2. I am a profound believer in “searchers”. In as much as we have elected Government to take forward development on our behalf, very often better ideas start with individuals who take the risk and step out to make the difference. I passionately believe we should celebrate these Zambians, and more importantly, be encouraged by their initiaves to make a difference.

3. I accept that not all the searchers may turn out to be “genuine” or let me put it this way – some Searchers may be in it for personal gain and not the welfare of Zambian. Thats beside the point because the real test is whether their actions are beneficial for the greater good of Zambia.

4. If readers feel that certain “searchers” have missed the point, then you are encouraged to write a post and respond to it and enter the debate. New Zambia stands ready to not only flag up the post but have new articles that challenge other articles on the blog. So if you want to challenge an opinion expressed on the blog by the author or another reader simply enter the discussion! What New Zambia won’t do is pander to specific social and political ideological points of view. We are here to exchange ideas not to stifle opinion.
All ideas are welcome no matter how contrarian.


  1. Cho,

    I think I may be able to help shed some light on the issue of US contact addresses for Zambian charities. In the course of my daily life, I am somewhat of a pest when it comes to interrogating my corporate friends as to how much of their charity and investment gets oriented to Africa. One of the things that I have learned is that most major transnational corps have matching donor programs for their employees' charitable giving, so I of course push the Zambian ones every chance I get. The problem comes in with the rules on the matching donor programs, which are limited to a pre-approved list of eligible charities. It is not overly difficult in most cases to get a charity added to the list, as long as at least one employee wants to donate to it on a regular basis, and it is registered in the United States. The unfortunate side effect is that it becomes impossible to persuade employees of these companies to donate off the list, since it effectively cuts their ability to contribute anywhere in half.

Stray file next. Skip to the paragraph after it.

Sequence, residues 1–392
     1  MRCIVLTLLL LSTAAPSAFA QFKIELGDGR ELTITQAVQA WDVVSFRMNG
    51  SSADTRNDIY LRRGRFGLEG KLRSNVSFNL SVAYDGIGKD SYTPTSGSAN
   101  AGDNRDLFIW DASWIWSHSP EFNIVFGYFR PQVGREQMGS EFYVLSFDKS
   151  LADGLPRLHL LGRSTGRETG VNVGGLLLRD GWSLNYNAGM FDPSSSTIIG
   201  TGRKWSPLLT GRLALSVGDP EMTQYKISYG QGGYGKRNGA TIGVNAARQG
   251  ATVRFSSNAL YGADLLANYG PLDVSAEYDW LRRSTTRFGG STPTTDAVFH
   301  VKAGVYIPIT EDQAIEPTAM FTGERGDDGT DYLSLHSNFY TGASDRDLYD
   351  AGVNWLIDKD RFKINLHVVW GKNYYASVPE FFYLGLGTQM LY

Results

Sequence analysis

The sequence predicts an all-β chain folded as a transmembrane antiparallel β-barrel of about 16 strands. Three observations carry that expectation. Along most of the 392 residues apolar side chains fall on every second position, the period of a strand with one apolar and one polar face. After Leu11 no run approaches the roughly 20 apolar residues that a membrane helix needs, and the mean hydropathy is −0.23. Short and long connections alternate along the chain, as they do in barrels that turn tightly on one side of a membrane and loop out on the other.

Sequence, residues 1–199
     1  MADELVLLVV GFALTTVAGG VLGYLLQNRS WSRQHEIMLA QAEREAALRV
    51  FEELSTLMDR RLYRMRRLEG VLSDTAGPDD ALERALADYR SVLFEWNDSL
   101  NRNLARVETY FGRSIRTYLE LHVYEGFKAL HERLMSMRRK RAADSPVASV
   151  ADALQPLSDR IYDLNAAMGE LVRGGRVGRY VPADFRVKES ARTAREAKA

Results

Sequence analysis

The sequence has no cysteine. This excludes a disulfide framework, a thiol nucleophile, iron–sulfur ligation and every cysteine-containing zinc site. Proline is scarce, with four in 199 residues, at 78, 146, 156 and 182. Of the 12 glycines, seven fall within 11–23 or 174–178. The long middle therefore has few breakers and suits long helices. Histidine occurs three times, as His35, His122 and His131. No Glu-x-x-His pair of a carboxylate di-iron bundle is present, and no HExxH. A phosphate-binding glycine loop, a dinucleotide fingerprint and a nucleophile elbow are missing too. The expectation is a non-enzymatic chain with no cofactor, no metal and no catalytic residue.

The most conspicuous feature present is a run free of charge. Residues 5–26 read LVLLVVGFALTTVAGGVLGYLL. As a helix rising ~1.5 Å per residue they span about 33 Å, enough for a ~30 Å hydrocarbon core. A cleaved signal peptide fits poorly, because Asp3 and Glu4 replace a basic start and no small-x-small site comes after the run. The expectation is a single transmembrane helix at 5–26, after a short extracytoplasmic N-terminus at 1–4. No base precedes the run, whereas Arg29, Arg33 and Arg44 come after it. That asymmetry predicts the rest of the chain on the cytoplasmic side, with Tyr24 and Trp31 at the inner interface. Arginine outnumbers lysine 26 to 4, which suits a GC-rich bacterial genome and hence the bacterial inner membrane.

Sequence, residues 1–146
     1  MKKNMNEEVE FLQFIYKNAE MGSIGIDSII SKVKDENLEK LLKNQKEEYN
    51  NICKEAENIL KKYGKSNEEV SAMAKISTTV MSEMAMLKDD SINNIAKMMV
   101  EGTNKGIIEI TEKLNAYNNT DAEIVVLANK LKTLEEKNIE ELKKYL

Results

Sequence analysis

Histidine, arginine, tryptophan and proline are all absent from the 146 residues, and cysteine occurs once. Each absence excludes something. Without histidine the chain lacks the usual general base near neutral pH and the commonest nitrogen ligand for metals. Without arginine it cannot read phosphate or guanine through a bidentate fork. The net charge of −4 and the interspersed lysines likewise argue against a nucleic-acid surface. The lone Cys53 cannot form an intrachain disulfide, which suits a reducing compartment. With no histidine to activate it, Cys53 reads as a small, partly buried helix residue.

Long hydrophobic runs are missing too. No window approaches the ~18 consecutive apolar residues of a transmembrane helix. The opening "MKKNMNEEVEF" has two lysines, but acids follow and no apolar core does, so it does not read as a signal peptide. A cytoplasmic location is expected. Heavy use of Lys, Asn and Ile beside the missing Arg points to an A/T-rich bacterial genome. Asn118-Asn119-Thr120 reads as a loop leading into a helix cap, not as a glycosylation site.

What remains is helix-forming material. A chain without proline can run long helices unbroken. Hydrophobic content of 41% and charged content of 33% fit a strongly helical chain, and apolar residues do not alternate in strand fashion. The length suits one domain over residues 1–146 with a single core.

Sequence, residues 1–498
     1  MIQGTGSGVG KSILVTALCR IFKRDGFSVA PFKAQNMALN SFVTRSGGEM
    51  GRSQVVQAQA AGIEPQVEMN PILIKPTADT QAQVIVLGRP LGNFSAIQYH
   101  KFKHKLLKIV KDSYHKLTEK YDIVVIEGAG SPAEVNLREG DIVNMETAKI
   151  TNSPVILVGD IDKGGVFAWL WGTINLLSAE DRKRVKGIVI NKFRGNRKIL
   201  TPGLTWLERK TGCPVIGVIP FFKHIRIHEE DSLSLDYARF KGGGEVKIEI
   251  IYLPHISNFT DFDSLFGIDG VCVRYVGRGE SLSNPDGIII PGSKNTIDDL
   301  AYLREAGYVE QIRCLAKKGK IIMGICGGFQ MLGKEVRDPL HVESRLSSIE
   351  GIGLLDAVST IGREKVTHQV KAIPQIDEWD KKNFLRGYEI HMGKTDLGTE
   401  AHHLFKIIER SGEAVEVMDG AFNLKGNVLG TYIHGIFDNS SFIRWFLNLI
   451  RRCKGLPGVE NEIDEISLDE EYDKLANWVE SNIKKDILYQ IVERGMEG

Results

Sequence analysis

West Coast software and media companies are particularly generous in this regard, but are wary of anti-terror provisions of the Patriot Act, and so avoid any charity without a US address. Most likely Mr Musonda has made American friends over the course of developing his charity who have helped him to establish an officially sanctioned contact point in San Francisco, thereby opening up lucrative avenues of donor funding otherwise unavailable to an NGO confined to Lusaka.

  2. Yakima,

    Many thanks for this contribution.

    The explanation seems perfectly logical.

    It seems to me that Hope International are well within their rights to use the address that would maximise their source of funding!

    The question is whether Hope International are crowding out other source of funding by engaging in meaningless charity work. That remains a unknown among other unknowns!